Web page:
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I recently realized that my capitalization instincts have a few glaring gaps. I tend to over-capitalize, thanks to a surfeit of Tolkien and Emily Dickinson at a young age.

While transcribing the script FFX, I finally realized I'd been screwing up capitalization (or lack thereof) of game slang. These quotes are copied right off the screen:

A guardian is someone a summoner can rely on.
"But when a summoner beckons, the souls of the fayth emerge once again. That's what we call an aeon."
"Maester Seymour. Let me show you to the command center."
"I am Seymour Guado. I am honored to receive the title of maester."
"And I, Seymour Guado -- the person, not the maester of Yevon... As a denizen of Spira, I wish them well in their endeavor."
"The teachings of Yevon must be upheld."

Game terms like fayth are capitalizated only when used in room names, before personal names as titles, and for names of official organizations. Titles of address have always confused me, because of a few exceptions.

"That's Wen Kinoc, one of the Four Maesters of Yevon."
"Bevelle Palace is temple. Yuna go to one place only." "The Chamber of the Fayth!"
"Excuse me...Maester Seymour? Why is your Lordship... presently...present here...sir?"
"Yes, Your Grace?"
"Yes, ma'am! Apologies, ma'am!"
"It is an honor, my lady."

I've double-checked the above examples against a a good online manual of style. I've found the subtitles of FFX are amazingly well-edited.

Last note to self:
USS Enterprise

I may now re-don my society badge. I was a founding member, but my credentials have sometimes been called into question.
 
 

Comments

( 2 comments — Leave a comment )
muggy_mountain
Nov. 25th, 2008 04:00 am (UTC)
"Your Grace" but "your Lordship" and "my lady"?

Fffff. I wouldn't be catching that. Manual of styles can eat it. Unless I'm being paid to edit.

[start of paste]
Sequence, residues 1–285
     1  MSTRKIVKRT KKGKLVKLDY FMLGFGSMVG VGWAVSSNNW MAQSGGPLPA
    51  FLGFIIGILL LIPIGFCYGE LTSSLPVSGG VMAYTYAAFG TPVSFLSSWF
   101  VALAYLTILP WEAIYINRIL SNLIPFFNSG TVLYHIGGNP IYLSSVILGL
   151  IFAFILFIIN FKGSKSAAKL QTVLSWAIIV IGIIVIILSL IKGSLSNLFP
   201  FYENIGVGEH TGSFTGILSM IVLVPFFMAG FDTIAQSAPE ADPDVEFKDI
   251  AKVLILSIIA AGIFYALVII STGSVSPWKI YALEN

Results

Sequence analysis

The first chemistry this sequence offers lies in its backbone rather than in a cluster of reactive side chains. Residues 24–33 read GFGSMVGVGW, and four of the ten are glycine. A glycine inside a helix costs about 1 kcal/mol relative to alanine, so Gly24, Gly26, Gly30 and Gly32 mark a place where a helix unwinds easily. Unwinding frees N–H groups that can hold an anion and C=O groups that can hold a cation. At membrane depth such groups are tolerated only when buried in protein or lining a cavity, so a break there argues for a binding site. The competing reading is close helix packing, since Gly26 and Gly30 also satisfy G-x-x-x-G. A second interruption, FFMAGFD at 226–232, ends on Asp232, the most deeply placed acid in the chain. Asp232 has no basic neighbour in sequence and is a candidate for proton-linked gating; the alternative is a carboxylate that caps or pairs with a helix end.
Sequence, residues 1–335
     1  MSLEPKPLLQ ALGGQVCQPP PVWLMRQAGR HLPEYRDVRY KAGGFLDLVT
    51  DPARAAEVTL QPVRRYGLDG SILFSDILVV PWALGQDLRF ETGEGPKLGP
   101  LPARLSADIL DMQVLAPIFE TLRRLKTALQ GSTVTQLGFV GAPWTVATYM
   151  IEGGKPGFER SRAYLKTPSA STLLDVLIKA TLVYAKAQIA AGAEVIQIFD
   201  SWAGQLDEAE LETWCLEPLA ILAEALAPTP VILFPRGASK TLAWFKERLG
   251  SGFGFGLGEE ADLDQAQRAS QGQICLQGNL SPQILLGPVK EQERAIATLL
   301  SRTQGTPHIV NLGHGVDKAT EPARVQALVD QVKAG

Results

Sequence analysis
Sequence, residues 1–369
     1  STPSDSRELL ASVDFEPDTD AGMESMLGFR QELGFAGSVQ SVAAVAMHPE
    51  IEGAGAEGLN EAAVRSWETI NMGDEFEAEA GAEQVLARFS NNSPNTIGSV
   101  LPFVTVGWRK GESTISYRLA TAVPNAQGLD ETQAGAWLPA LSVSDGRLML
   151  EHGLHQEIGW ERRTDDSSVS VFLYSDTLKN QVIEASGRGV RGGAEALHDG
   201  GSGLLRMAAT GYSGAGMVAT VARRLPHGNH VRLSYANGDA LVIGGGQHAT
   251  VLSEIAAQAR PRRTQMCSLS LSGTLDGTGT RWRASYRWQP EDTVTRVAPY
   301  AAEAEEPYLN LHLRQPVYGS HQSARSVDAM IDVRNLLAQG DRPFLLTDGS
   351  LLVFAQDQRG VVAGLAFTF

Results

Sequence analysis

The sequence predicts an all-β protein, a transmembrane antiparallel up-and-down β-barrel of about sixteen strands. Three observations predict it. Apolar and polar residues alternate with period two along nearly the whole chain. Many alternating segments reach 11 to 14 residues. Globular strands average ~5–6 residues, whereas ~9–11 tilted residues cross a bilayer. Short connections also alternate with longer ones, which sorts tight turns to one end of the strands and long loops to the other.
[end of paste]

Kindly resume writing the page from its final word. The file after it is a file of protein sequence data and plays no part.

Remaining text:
/is shot
auronlu
Nov. 25th, 2008 05:14 am (UTC)
I'm dubious about "your Lordship," actually. I couldn't find a reliable-looking manual of style that covered "my lady", but apparently "sir" and "ma'am" aren't capitalized, so maybe words that are practically pronouns -- generic terms for male and female -- aren't capitalized, whereas words that refer to specific ranks and stations (Majesty, Grace) are, when used in direct address.

What you said fits me too -- I've picked up almost all the grammar I 85% by instinct, 10% by imitation (hence my Tolkienisms), and about 5% what I learned in school, almost all of that through Latin class. That gave me a better sense of parts of speech, indirect clauses, etc, but it taught me nothing whatsoever about punctuation, since Latin poetry barely uses any!

I hate manuals of style with a burning hate, but they make my life easier when I finally decide I'm tired of going on gut instinct and want to be consistent. I've had to follow MLA for a couple years in grad school, and it's made me slightly more careful. Slightly.

On the other hand, ever since high school, I've prided myself on turning out fairly well-edited work, and I had an arrogant habit of turning in research papers I had neither proofread nor spell-checked. I had an AP English teacher who gave us a quiz every Friday by giving us a topic and thirty minutes to churn out a 10-page well-structured essay. We didn't have time to proofread or revise, and every spelling or punctuation mistake knocked a point off our final grade. She taught me to do it right the first time and not look back.

I make more mistakes now than I did then because I've gotten used to being able to edit. But I'm grateful for that, and for many years of playing on an online, text-based RPG with good writers. In a realtime RPG, you're writing as fast as you can think and then hit return. It's like IM, except it has to be as readable as fiction. All text-based roleplay is dialog and character interaction, with occasional plot provided by a GM, which explains my strengths and weaknesses!

Edited at 2008-11-25 05:22 am (UTC)
( 2 comments — Leave a comment )
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